Teachers’ slate? Union backs 3 candidates

A group of three candidates for school board not only has the teachers’ union’s endorsement, but its money and campaign expertise, as well.

The Chico Unified Teachers Association’s executive board, taking the suggestion of a committee of teachers that had interviewed all candidates willing to submit to questioning, voted Sept. 12 to endorse Scott Huber, David Haynes and Eileen Robinson. Three seats are open, and two incumbents are running for re-election. There are nine candidates.

CUTA President George Young said it’s not usual for CUTA to form a political-action committee, but this election “they’re getting a little more organized.” He said CUTAPAC, which is headed by teacher Mary Flynn, didn’t seek out candidates to run beforehand and he wouldn’t necessarily call it a slate. “All I know is we’re hoping that people pick those three names when they vote.

“They all wanted the same thing,” Young said. “They all want a better relationship. They all want what’s best for kids.”

The arrangement means that not only will the three candidates have like-minded teachers campaigning on their behalf, but they will also share in the services of a California Teachers Association campaign consultant, Don Hillman. The candidates might end up pooling their money with the PAC’s and buying ads together. In return, Young said, the three “don’t have to do anything,” but he expects they will choose to support each other.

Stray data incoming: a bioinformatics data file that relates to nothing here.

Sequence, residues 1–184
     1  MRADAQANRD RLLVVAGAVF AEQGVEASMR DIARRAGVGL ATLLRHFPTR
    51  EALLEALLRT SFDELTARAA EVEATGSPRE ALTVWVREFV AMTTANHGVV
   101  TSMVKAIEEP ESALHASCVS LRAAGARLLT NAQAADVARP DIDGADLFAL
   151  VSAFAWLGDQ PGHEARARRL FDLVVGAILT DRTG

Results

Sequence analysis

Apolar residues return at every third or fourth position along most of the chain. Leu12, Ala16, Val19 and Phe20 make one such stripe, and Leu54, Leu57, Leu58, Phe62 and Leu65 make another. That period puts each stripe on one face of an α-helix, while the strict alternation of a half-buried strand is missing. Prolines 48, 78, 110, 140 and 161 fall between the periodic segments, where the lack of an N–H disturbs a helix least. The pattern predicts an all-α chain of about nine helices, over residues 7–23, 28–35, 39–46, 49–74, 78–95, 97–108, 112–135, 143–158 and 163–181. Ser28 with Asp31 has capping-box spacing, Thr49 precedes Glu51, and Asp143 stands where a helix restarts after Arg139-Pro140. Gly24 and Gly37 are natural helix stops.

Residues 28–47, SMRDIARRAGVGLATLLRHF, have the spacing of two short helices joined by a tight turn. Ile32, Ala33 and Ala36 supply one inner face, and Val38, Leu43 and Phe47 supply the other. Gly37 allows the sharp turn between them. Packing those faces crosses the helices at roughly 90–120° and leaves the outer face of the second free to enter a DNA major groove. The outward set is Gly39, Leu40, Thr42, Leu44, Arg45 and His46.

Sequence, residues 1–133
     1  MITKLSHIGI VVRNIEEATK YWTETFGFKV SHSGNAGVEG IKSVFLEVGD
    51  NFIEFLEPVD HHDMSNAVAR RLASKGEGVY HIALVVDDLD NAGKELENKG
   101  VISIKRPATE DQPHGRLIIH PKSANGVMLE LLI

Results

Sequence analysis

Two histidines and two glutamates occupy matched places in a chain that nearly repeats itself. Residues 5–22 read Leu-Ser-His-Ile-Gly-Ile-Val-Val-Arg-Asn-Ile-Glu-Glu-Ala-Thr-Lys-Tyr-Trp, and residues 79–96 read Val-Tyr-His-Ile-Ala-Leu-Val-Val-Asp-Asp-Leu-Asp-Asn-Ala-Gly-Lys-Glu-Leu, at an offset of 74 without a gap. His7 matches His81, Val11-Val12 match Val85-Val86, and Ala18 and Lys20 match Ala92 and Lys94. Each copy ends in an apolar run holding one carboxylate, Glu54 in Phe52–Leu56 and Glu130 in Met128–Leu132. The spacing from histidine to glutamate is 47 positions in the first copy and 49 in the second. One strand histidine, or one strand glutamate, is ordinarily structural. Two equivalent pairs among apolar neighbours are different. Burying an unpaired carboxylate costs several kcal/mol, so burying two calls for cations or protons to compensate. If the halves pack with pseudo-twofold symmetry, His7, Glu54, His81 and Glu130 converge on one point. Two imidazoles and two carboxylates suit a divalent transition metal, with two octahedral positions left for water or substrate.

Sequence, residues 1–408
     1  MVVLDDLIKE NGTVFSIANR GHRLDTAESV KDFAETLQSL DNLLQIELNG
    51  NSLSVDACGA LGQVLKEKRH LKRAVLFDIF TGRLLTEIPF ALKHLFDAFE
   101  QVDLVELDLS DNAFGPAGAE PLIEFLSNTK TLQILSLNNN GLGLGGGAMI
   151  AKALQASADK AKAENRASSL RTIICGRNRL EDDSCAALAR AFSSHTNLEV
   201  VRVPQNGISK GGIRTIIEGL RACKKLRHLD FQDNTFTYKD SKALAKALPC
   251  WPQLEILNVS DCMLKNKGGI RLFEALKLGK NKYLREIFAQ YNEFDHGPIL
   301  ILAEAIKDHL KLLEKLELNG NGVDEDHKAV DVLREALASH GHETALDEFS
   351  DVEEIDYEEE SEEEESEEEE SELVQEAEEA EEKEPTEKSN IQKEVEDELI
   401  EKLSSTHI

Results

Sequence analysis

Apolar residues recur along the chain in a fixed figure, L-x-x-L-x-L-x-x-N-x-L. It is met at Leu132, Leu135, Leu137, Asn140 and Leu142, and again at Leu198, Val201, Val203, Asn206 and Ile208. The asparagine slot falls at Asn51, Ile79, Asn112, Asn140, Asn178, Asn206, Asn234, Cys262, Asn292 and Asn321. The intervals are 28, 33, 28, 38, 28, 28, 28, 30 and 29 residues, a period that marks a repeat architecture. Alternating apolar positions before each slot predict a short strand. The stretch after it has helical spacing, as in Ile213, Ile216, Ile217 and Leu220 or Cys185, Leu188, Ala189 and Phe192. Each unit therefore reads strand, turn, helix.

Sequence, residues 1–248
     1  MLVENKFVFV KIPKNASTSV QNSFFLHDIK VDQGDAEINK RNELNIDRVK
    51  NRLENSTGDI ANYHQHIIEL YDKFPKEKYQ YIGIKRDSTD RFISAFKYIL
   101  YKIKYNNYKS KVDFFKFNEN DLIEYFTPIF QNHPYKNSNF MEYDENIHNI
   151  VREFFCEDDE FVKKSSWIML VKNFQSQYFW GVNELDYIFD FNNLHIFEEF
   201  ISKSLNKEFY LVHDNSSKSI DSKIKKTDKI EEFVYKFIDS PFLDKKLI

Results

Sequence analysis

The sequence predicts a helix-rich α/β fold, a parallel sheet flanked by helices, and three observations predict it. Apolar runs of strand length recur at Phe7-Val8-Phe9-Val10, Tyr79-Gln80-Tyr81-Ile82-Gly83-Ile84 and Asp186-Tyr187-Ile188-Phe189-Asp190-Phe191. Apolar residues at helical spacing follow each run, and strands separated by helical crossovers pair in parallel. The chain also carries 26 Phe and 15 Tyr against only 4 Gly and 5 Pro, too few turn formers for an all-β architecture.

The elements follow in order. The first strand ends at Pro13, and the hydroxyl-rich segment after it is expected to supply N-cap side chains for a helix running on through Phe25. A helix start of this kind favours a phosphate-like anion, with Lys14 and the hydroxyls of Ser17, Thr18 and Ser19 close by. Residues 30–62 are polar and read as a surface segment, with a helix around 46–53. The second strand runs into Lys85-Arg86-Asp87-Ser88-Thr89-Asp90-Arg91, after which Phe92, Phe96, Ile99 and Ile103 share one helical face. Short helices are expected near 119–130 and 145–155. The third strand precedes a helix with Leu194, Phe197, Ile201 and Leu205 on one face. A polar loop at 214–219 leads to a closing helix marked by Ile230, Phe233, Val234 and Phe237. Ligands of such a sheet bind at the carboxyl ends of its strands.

“We didn’t know it ahead of time,” said Robinson, one of the three who agreed to go along with the approach. “I didn’t have any problem with the other [two] candidates, and they apparently didn’t have any problem with me.”

Dave Donnan, who garnered the CUTA’s endorsement the last time he ran, in 2000, was “a little shocked” to be left out. “One of the questions in the interview was how would you feel about being in with a group of educators on a slate.” He said that in the last election, which he lost, the CUTA paid for only a few bumper stickers and buttons touting its two picks. Donnan said that while he would rather run on his own anyway, he’s at a “definite disadvantage” from a campaign funding standpoint due to the PAC’s involvement.

"We’ll spend whatever we can to get our word out," Young said. "Obviously, for us getting the incumbents out [of office] is important. [But] we’re not looking for a rubber stamp."